With us trying to review and re-tool our site, one thing has become unclear to me which is how to handle research based questions. Some times I read on meta that it should be open to help the site and I see them still get closed, other times I see people say it should be off topic and yet they are left open.

Today a question about Pregnancy has been asked that probably should be closed as it is a "how to write" question as this person is asking for us to explain pregnancy to her/him.

Then a few days ago, we have a question about what it feels like to be in a fight and this was pretty much instantly closed. I understand the fighting one lacked effort, but they both are basically the same question.

It's getting confusing for me as this is seemingly becoming an interpretation of the rule based on how they feel the question is presented rather than something black or white.

I don't mind the opinion that research based questions should be allowed since technically it is part of the writing process. Should we then limit it to where someone has to show effort and provide links of research found so far? Should we continue to close them?

A possible side affect for allowing research based questions could also lead to more technical writing questions. It could potentially allow technical people to ask about questions related to their field and draw others in as well.

It would be great if we can start nailing out some of these grey area questions in our journey to revamp the site. Ultimately I just want to know how to proceed when questions like the 2 above are asked.

2 Answers 2


I think this is a very interesting question. It would be easy enough to say, we don't do research for you and leave it at that. And a question that is simply asking us to do research definitely should be off topic, if only because you should ask subject matter experts your research questions, not other writers. We are united in our craft but diverse in our interests and knowledge.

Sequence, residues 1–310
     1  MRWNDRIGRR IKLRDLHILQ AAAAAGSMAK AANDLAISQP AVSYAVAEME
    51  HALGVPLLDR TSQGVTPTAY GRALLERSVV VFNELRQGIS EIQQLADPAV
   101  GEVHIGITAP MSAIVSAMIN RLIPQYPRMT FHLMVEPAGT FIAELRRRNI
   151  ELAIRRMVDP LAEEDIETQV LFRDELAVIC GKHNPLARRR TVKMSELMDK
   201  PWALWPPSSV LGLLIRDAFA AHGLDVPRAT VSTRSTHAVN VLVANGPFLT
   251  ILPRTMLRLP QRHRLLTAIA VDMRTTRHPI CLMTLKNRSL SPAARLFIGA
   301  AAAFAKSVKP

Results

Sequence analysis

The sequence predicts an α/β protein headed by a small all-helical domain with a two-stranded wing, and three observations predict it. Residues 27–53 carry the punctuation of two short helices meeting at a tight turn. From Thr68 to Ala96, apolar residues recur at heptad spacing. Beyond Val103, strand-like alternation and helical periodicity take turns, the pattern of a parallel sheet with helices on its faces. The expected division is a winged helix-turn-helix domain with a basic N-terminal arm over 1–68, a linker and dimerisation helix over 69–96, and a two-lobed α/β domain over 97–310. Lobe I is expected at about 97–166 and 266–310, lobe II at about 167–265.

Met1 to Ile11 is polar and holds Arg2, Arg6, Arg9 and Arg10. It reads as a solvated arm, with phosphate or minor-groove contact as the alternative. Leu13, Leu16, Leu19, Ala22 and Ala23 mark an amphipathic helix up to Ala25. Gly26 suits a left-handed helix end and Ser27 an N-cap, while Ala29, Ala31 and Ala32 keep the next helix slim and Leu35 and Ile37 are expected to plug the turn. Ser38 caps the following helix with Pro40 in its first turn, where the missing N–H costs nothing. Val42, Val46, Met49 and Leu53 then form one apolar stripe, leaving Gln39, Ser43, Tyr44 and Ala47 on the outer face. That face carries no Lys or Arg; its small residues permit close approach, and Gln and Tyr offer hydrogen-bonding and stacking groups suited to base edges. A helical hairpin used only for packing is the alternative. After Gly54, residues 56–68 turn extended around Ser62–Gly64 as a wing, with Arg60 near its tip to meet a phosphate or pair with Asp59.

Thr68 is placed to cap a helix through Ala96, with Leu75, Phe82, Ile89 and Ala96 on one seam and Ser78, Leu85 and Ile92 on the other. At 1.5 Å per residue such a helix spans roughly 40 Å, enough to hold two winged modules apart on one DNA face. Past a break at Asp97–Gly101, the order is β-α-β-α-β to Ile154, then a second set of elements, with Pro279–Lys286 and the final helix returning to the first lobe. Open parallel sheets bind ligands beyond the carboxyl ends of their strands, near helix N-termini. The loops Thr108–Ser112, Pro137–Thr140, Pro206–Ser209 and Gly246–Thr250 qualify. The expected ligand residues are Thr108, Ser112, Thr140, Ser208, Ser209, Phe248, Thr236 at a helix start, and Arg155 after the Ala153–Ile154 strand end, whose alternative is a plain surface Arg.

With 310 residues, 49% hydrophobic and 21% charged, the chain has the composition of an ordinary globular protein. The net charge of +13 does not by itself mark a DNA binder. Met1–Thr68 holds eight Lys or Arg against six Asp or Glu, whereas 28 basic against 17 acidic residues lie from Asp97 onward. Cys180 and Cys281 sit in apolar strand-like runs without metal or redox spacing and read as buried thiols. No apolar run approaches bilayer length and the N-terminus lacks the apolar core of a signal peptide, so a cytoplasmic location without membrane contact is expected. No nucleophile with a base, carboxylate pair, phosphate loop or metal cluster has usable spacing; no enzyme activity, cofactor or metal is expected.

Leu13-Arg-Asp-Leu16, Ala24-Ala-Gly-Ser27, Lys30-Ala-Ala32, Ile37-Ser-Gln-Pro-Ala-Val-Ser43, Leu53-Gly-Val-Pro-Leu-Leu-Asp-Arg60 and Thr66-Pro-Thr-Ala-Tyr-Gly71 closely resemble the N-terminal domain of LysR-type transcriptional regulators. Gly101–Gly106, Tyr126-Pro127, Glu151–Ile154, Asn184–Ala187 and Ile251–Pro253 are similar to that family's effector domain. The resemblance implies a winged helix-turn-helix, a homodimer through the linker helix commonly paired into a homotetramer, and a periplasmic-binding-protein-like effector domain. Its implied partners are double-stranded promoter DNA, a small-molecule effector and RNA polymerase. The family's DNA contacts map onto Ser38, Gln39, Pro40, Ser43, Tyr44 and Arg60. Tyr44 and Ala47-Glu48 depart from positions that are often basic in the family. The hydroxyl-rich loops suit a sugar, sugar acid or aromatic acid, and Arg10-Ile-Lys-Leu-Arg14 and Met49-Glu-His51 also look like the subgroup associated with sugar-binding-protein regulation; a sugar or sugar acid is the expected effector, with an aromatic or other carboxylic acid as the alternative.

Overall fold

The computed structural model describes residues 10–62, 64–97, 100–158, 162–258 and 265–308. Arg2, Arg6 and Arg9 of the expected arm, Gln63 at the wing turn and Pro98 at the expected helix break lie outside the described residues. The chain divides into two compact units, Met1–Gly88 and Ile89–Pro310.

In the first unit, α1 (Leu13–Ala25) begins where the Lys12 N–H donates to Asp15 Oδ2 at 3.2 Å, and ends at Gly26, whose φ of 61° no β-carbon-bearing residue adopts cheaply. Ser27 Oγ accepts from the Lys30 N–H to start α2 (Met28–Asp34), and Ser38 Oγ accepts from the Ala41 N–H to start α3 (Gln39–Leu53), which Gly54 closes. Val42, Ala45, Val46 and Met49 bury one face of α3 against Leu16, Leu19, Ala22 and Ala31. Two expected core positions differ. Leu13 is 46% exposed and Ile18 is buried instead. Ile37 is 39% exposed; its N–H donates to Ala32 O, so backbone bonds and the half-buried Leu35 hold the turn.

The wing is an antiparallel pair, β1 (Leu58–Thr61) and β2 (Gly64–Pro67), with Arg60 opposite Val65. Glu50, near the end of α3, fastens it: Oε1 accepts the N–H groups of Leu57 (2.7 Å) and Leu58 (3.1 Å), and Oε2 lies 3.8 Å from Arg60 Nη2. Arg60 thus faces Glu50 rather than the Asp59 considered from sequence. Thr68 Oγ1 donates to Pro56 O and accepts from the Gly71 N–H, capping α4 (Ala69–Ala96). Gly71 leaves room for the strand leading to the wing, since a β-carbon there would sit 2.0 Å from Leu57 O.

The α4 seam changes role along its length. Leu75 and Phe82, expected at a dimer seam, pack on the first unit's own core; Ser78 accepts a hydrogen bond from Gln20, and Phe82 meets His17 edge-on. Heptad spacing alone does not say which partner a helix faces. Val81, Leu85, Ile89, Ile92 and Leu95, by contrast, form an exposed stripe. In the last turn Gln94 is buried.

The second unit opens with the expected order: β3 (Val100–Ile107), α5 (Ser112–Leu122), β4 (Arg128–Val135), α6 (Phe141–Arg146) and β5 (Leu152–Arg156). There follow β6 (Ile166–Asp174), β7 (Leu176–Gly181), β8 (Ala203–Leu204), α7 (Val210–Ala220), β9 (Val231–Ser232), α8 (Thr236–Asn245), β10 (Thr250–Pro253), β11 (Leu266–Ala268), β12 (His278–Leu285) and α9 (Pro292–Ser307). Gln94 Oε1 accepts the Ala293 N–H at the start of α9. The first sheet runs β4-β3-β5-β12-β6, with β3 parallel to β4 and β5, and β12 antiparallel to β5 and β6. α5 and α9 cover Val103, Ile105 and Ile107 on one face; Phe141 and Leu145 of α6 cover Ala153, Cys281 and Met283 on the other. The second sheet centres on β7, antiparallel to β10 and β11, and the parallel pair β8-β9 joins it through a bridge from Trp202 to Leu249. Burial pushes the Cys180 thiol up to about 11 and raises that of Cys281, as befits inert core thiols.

But there is certainly a general question here that is a writing question: How do I write about an experience I have never had? This is a problem that writers have to face all the time. Anyone who writes fantasy or historical or science fiction, or thrillers, or (for the most part) detective stories, is going to be writing about experiences that they have not actually had.

And it strikes me that "do your research" is not an adequate response to this question. Research gives you information, and that is important, but information is not the novelist's stock in trade. Their stock in trade is experience. It is not clear that research, in the ordinary sense of the word, gets you experience.

It is also an interesting question what kind of experience the reader of a novel wants. Definitely the reader is looking for vicarious experience. But at the same time, the reader is not looking to get a split lip or busted knuckles or a concussion from reading a fight scene. The experience we seek from novels is not the full physical experience, or we would go out and do things rather than sitting home reading about them. What the reader wants is some element refined from the experience. We want to drink the wine; we don't want to pick the grapes.

I may sound like a broken record here, but I believe that the elements we want refined from the experience is the moral element. If I were in a fight, how would I behave? How should I behave? Or, at minimum, how does someone, or should someone behave? What is the nature of courage. What is the quality of anger? What is the yeast of revenge?